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Beaver’s Moon: November Full Moon

4 min read

As we already know, for decades, we have referenced the monthly full Moons with names tied to early Native American, Colonial American, and European folklore and, traditionally, each full Moon name was applied to the entire lunar month in which it occurred and through all of the Moon’s phases—not only the full Moon.
About the November’s Beaver Moon this is, not by chance, the time of year when beavers become particularly active building their winter dams in preparation for the cold season.
Beavers are mainly nocturnal, so they keep working under the light of the Full Moon. They make dams of wood and mud and, in the middle, they build dome-shaped homes called lodges with underwater entrances.
Beavers continue to grow throughout their lives, and so do their teeth, and that’s why they constantly gnaw on wood, but because the enamel in a beaver’s incisors contains iron, their front teeth never wear down.
In any case, early natives were keenly observant of animals and their habits, they saw that the beavers began to take shelter in their lodges, and they watched animals store food in preparation for the long winter ahead.
However, beavers do not hibernate the cold months away.
Actually, they remain very active, and they go out despite the cold, ice, or snow, as they benefit from a thick winter coat—an oily, waterproof layer that keeps them warm and dry. Basically all the qualities you might want in your own cold-weather apparel!
And no wonder their pelts are prized by trappers: during the time of the fur trade in North America, November was also the season to hunt beavers for their thick, winter-ready pelts.
There used to be more than 60 million North American beavers. However, because people have hunted them for fur and their glands for medicine, among other reasons, the population has declined to around 12 million.

But also November’s Moon other names highlight the actions of animals preparing for winter and the onset of the colder days ahead.
For example Digging (or Scratching) Moon is a Tlingit name that evokes the image of animals foraging for fallen nuts and shoots of green foliage as well as of bears digging their winter dens, while the Dakota and Lakota term Deer Rutting Moon refers to the time when deer are seeking out mates, and the Algonquin Whitefish Moon describes the spawning time for this fish.
In reference to the seasonal change of November, this Moon has been called the Frost Moon by the Cree and Assiniboine peoples and the Freezing Moon by the Anishinaabe and for a good reason, as winter is right around the corner.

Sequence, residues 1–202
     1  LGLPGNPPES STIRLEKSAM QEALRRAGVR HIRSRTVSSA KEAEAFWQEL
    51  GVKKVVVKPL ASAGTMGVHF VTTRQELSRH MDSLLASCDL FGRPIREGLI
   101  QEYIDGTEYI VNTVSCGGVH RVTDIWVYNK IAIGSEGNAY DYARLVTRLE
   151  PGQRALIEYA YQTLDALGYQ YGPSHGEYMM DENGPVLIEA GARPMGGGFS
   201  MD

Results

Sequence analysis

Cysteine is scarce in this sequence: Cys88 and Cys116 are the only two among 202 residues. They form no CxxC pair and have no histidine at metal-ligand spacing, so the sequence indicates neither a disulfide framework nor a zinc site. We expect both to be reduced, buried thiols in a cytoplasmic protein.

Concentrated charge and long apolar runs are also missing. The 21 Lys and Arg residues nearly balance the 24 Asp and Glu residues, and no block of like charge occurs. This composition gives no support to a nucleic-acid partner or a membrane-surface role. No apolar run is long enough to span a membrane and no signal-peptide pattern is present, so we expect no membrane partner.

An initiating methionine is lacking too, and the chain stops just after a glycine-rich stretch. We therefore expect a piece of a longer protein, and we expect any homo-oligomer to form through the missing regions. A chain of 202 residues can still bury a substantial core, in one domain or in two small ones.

Because it is the final full moon before the start of winter it is often called Mourning Moon, and I can understand that, as there was a certain sadness to the upcoming cold weather and to the loss of daylight. However, the astronomical seasons do not match up with the lunar months. Therefore, the month of the Mourning Moon varies. Some years, the Mourning Moon is in November, while other years, it is in December.
On a more symbolic level, the folklore behind these nicknames speaks to the way this month’s full moon can illuminate the things we need to feel warm and safe in a time of increasing seasonal cold and scarcity.
And finally, November is the month of Thanksgiving. Like the Native Americans, hunters, and fur trappers we can take a moment and reflect on our efforts of the past year.
Well…we may not have had to gather or hunt for our food, but we can be grateful for our blessings and modern comforts!

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In 2021, November’s full Beaver Moon rises on Friday, November 19, and is accompanied by a near-total lunar eclipse: 98% of the Moon will be covered by Earth’s shadow at the height of eclipse.
During a lunar eclipse, the Moon, Sun, and Earth stand in a line with the Earth in the middle, causing the planet’s shadow to be cast onto the Moon.
This gives the full Moon a reddish, coppery hue, as well as the nickname “Blood Moon.”
But is this Moon truly a Blood Moon?
We’ve heard all kind of strange theories about a “Blood Moon” and, back in 2014–2015, there was a series of four consecutive total lunar eclipses (Blood Moons) with the media hyped end-of-the-world prophesies.
Clearly, the world did not end.
But, interestingly, “Blood Moon” is not a technical term used in astronomy, but more of a popular phrase that simply refers to a “total lunar eclipse.”
Yep, that’s it.
And this near-total lunar eclipse will be visible from most of North America, reaching its maximum at approximately 4:00 A.M. Eastern Time on Friday, November 19.

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Images from web – Google Research